Santa Cruz Tech Beat


Taylor Farms looks to new technologies to attract millennial workers

By Amy Wu
The Californian

August 25, 2016 — Salinas, CA

(Photo above: Taylor Farms is stepping up its automated technologies to increase efficiency and attract younger workers. Credit: Amy Wu)

Israel Ramirez considers himself an anomaly, at least for now. At 21 he is one of the youngest farm workers in an industry that known for its aging workforce.

But as agriculture companies find ways to introduce new technologies, younger workers such as Ramirez are increasingly attracted to the work.

Field workers are critical to an industry that is a key economic driver in this region. In Salinas Valley the agriculture business is estimated at $9 billion, and includes produce giants Taylor Farms, Driscoll’s and Church Brothers.

Taylor Farms has an estimated 1,500 field workers – many of them contracted – and on any day 67 crews in the fields.

The average worker’s age is 48 with the majority ranging from 48 to 75, said Albert Garnica, Taylor Farms’ vice president harvest operations who supervises the fields.

Over the past decade the company like many in the industry has faced an ongoing labor shortage, caused by an aging workforce, a growing demand for salad and cut vegetables, a tighter regulatory environment when in California and the increased costs of doing business.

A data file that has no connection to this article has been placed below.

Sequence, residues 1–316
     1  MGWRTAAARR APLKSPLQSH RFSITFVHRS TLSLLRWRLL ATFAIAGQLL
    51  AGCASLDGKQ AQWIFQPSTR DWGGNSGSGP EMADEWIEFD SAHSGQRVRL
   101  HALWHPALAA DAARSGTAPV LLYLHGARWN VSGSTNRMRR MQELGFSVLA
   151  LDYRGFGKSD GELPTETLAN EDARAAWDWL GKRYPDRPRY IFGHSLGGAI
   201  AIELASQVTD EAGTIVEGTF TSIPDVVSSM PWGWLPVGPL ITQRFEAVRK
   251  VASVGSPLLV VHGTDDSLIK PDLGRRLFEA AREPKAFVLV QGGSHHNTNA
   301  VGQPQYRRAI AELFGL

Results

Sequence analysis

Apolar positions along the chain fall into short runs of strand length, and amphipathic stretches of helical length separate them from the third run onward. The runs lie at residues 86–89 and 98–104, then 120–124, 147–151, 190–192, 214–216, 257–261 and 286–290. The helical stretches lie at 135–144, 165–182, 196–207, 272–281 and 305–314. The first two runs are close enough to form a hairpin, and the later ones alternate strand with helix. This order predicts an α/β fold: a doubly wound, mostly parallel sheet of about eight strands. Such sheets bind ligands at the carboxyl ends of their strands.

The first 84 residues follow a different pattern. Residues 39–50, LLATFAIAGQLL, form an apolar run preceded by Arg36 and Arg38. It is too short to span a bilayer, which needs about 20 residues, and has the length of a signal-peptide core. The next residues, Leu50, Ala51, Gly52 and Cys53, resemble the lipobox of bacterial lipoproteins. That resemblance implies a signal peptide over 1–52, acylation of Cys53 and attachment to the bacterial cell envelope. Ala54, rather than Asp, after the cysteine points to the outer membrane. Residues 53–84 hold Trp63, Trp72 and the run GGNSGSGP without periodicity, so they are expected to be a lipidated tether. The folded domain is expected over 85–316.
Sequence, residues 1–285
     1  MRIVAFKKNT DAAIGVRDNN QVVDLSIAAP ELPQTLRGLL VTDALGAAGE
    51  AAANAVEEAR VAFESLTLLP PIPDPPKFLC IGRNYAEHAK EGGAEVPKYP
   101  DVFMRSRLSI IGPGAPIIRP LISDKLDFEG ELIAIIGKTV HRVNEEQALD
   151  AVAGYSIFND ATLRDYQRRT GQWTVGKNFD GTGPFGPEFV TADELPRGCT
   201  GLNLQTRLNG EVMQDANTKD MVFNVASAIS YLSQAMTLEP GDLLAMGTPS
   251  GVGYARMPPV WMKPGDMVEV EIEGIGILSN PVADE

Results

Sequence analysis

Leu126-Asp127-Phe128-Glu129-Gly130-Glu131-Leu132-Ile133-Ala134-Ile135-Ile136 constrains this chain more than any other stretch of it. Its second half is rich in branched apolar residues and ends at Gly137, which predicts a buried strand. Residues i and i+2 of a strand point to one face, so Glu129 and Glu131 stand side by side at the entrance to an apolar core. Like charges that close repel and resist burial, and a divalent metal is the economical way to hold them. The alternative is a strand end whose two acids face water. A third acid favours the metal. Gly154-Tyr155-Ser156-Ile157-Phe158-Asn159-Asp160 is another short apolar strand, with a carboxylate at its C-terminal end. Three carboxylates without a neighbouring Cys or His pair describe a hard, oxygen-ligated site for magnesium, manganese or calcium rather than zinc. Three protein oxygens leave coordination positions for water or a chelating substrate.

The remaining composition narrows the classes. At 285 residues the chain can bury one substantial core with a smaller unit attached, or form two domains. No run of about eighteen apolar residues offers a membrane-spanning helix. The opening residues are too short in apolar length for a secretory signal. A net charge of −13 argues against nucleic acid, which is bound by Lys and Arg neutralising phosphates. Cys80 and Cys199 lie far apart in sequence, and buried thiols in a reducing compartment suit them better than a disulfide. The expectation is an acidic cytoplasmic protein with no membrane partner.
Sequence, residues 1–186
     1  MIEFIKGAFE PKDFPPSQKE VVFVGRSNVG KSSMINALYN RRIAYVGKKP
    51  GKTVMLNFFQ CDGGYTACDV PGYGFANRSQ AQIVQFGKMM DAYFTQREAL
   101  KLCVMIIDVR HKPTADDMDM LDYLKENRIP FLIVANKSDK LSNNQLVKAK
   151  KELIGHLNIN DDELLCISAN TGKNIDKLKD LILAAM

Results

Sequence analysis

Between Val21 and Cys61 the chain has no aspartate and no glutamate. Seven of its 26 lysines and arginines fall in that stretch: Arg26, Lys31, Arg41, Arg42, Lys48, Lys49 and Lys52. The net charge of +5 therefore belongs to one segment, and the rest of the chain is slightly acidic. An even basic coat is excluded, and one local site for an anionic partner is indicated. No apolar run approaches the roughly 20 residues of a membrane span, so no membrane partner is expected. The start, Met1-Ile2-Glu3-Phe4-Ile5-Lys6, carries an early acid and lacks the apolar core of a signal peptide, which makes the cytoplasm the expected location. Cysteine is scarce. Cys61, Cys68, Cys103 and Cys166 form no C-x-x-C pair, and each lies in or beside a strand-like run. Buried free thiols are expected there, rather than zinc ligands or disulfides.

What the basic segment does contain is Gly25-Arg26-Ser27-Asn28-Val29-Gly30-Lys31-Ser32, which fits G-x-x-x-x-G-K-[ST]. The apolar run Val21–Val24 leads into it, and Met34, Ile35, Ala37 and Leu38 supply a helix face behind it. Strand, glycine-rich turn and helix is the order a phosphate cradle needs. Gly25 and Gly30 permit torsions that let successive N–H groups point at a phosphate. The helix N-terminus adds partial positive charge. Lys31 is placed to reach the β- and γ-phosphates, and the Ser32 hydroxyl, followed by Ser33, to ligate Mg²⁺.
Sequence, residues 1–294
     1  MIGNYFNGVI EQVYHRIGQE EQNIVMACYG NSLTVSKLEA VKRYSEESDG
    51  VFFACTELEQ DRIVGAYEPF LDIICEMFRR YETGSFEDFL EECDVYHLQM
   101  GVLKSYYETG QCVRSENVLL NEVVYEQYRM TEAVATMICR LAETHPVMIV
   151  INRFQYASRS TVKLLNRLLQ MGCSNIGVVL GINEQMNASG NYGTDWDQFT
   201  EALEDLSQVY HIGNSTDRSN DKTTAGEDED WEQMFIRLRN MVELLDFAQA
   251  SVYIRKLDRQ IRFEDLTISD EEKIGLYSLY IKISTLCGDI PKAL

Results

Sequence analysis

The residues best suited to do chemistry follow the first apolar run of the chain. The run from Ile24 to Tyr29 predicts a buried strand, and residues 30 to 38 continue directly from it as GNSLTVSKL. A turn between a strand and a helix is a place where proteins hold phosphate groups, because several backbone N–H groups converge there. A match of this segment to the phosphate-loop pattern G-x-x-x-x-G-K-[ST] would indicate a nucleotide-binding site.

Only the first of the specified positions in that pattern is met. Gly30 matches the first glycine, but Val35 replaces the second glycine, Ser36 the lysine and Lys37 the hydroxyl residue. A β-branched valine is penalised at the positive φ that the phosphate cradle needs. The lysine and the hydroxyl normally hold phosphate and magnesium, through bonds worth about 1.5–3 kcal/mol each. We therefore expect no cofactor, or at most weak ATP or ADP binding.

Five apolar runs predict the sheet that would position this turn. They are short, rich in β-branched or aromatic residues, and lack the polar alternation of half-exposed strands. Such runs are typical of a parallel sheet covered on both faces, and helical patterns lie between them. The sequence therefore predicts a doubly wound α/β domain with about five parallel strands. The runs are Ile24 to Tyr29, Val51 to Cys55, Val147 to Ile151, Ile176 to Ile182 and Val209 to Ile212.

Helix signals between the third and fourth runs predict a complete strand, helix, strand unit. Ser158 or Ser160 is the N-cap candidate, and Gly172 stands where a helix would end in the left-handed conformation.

Industry players say the industry is often overshadowed by the attraction of working in industries such as tourism or construction.

“Mom and dad want their kids to do something better than what they did,” said Paul Muthart, a grower at Pasquinelli Produce Co. in Yuma, Arizona, which has been challenging with finding younger workers as their workforce ages. “Heck even changing beds in Vegas is better than working out in the heat and the mud… Again it comes down to the glamour of what we do.”

The shortage has been so severe that the industry has been bringing in workers on H2A visas, a temporary work visa for foreign farm workers. Garnica said roughly 40% of field workers in Salinas Valley are on H2A visas.

Muthart said 60% of their field workers are over 50 and a fifth of their work force is over 60. The company works hard to retain older workers in part because it is harder to find replacements, especially younger workers.

“I can confirm that our population is for sure aging and it’s a concern to us,” he said. “Frankly I don’t know what we will do to attract young people into the work we do.”  Muthart said he believes the challenge in recruiting goes beyond the money. At Pasquinelli, a 9,000 acre farm in Yuma that grows cauliflower and celery, workers are entitled to pension, healthcare and $2 more than Arizona’s $8.05 an hour minimum wage. He said negatives are the work is seasonal and often requires relocating.

New technologies, new generation

Taylor Farms’ response to the labor shortage has been to step up its harvesting technology. The goal is to reduce costs, increase efficiency and woo younger workers, said Chris Rotticci, Director of Automated Harvest Equipment at Taylor Farms.

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